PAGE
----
A big batch of grains

Me2U

New Member
Russian
In the text about healthy eating that I am translating I came across a phrase "a batch of grains". It is used in the context of cooking in bulk.
"Make dried beans in a crock pot. Make a big batch of grains, or keep corn meal on hand to make quick-cook polenta." What does "a batch of grains" mean? Is it something like a big pan of porridge cooked for the whole week? Porridge made of one or several types of grain? Several portions of different types of grain cooked in bulk?
Thank you.
 
  • entangledbank

    Senior Member
    English - South-East England
    I'd understand it as types of grain, and cooked: rice, lentils, barley, or whatever you like, with their longer cooking time, so that later they can be added to things quickly.
     

    Barque

    Senior Member
    Tamil
    A batch in this context just means a certain quantity. A big batch is a large quantity.

    The reference to grains suggests that the writer means different types of grains.

    Cross-posted.
     

    Me2U

    New Member
    Russian
    So, are the different types of grain cooked in one pan together? Or every type separately? Sorry for the stupid question :)
     

    entangledbank

    Senior Member
    English - South-East England
    'A big batch' suggests only one act of cooking. It depends how fussy you are. I just throw them all in a pot and boil them until they beg for mercy, but others might want different times for different grains.
     

    Me2U

    New Member
    Russian
    Thanks everyone. Yes, cooking it all in one pot makes more sense. To cook several types of grain each in its own pot seems like a whole lot of work to do on a Sunday :) And it should be 1-3 types of grain, if it's all cooked together, otherwise it would be quite a mess :) I hope I got it right...
     

    Sparky Malarky

    Moderator
    English - US
    What the author is saying is:
    Lots of grains take a long time to cook. So when you are going to cook some, make a lot of them. Then you will have leftovers and can use those leftovers in other recipes without have to spend a long time cooking the grains again.

    He goes on to give an example of cooking dried beans in a crock pot. This takes many hours. You won't want to do this every day, so if you need a small amount of beans, go ahead and cook a lot. Save the rest of the cooked beans in the refrigerator and use them in other dishes.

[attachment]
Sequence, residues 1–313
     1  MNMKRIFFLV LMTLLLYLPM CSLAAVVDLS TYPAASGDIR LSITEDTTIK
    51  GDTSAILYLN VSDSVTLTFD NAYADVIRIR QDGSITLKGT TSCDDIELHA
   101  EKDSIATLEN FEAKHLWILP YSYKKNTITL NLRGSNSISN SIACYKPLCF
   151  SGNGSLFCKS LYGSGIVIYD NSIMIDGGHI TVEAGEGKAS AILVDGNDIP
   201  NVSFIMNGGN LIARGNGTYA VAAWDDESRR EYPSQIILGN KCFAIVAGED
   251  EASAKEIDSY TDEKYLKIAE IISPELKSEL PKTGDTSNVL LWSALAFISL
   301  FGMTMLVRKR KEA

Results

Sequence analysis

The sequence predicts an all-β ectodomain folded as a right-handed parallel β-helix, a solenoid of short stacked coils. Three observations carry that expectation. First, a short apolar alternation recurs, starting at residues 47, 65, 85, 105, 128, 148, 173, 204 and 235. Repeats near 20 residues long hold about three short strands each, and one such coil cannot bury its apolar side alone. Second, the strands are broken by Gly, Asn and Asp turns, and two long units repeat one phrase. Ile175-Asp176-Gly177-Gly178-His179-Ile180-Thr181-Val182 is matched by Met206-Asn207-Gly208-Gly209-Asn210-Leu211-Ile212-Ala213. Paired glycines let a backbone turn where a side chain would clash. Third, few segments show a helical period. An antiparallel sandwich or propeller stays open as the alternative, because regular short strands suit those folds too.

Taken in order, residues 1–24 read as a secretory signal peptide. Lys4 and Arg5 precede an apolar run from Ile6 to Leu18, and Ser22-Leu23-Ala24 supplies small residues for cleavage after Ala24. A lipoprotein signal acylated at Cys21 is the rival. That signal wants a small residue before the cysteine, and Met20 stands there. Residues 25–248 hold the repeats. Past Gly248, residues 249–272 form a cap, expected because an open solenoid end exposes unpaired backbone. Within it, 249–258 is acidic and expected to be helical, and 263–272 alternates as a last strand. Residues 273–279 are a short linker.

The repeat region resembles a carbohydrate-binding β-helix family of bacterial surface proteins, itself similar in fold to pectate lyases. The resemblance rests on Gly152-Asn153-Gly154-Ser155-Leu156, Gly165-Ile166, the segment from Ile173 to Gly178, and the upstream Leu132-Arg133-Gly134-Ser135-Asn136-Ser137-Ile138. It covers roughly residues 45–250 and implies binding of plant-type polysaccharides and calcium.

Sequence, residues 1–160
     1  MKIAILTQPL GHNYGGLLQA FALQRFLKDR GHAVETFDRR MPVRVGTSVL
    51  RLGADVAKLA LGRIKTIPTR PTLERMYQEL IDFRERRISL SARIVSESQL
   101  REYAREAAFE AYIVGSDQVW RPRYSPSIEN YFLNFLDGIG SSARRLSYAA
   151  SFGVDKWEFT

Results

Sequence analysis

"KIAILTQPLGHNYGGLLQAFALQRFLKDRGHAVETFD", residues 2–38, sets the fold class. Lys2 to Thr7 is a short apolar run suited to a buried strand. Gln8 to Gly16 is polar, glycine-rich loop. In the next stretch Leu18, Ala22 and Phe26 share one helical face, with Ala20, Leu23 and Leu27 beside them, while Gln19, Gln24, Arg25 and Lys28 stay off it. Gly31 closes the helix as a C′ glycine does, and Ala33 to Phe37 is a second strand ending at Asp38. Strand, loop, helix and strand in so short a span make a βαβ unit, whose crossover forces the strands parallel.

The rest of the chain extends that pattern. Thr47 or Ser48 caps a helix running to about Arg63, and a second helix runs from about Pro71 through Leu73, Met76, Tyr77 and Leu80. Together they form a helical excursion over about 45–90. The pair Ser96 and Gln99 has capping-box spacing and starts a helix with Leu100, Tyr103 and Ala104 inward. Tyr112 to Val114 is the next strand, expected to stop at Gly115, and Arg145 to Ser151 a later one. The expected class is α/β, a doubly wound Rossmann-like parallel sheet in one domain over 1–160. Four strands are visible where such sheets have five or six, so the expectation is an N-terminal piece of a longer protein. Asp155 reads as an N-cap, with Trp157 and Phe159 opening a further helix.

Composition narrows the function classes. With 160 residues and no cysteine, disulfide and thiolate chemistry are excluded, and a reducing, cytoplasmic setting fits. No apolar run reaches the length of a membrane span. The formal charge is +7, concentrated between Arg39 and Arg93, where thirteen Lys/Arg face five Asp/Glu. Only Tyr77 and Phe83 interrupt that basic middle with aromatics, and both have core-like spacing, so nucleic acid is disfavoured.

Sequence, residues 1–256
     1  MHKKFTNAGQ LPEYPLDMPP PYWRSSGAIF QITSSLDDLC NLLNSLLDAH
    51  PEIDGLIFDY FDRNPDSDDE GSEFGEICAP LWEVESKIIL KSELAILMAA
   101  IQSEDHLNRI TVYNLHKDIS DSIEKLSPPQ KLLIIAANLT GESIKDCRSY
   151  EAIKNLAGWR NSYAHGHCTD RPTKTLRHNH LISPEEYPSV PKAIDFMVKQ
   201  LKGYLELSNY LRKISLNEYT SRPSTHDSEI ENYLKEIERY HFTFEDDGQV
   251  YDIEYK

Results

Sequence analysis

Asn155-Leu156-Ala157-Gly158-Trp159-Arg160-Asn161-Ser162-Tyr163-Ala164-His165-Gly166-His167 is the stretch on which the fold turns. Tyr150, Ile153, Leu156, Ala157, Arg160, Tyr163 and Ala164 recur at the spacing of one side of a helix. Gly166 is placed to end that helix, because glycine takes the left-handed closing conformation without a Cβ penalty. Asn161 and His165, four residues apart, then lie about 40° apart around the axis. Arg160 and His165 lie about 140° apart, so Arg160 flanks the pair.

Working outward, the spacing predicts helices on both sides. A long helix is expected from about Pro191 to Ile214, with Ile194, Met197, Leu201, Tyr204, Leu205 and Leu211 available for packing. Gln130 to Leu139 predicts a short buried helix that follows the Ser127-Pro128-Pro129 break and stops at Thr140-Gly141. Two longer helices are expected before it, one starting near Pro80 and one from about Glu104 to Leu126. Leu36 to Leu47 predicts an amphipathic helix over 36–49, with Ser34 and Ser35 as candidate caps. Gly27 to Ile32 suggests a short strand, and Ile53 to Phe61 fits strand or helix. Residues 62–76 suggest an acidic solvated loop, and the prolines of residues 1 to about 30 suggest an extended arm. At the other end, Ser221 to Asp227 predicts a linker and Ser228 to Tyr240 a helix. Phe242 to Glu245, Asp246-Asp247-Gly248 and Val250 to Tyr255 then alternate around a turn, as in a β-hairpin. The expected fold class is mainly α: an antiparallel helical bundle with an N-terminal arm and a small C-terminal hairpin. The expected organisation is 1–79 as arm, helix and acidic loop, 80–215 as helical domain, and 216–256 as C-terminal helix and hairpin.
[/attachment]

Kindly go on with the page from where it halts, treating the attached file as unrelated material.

Me2U

    New Member
    Russian
    What the author is saying is:
    Lots of grains take a long time to cook. So when you are going to cook some, make a lot of them. Then you will have leftovers and can use those leftovers in other recipes without have to spend a long time cooking the grains again.

    He goes on to give an example of cooking dried beans in a crock pot. This takes many hours. You won't want to do this every day, so if you need a small amount of beans, go ahead and cook a lot. Save the rest of the cooked beans in the refrigerator and use them in other dishes.
    Thanks a lot! You've made it very clear. I didn't even realize beans were grains :) Then of course it makes sense to cook them for the whole week.
     
    The botanical definition given above by Wikepedia is just a scientific starting point.

    Even so, they immediately start dividing these kinds of foodstuffs into two separate categories, cereals and legumes.

    Beans are legumes. They are not "grains" in common usage, and particularly not in culinary terms.

    A grain of rice? One little flat cereal particle? Yes. :thumbsup:

    A grain of a chickpea? :confused::thumbsdown: A grain of a pinto bean? :confused::thumbsdown:

    So, Me2U, beans are not grains.:D
     

    Me2U

    New Member
    Russian
    So beans may not be grains after all :) My Eng-Rus dictionary agrees with that. And it was helpful to know that when people say "grains" they may be referring to just one kind of grain. I wonder what type of grain(s) the author had in mind when she talked about cooking a big batch of it. I can only think of rice and buckwheat (well, you probably don't eat buckwheat too much, but we here do)) Oh, and pearl barley maybe...
     

    Sparky Malarky

    Moderator
    English - US
    Me2U, I think I led you astray by implying that beans are grains. Your original quote doesn't even say this. It actually says:

    (1)"Make dried beans in a crock pot. and (2) Make a big batch of grains...."

    The author is giving you two examples (one with beans, one with grains) of items you can cook in bulk.
     

    Me2U

    New Member
    Russian
    Me2U, I think I led you astray by implying that beans are grains. Your original quote doesn't even say this. It actually says:

    (1)"Make dried beans in a crock pot. and (2) Make a big batch of grains...."

    The author is giving you two examples (one with beans, one with grains) of items you can cook in bulk.
    Sparky Malarky, it's all right! Really the context might seem a bit misleading. A bigger problem will be to find a normal-sounding equivalent of the "big batch of grains" in Russian. Even though I now know what it is (thanks again to everyone!) I'll have a hard time putting this notion into my native language. But this is an issue to be discussed in another place :)
     

    Hermione Golightly

    Senior Member
    British English
    If I were only cooking only one sort, such as barley, I would say say cook a 'big batch of barley/ the grain'.
    Then we have the term 'pulses', meaning everything edible that grows in a pod - peas, beans, lentils.
     
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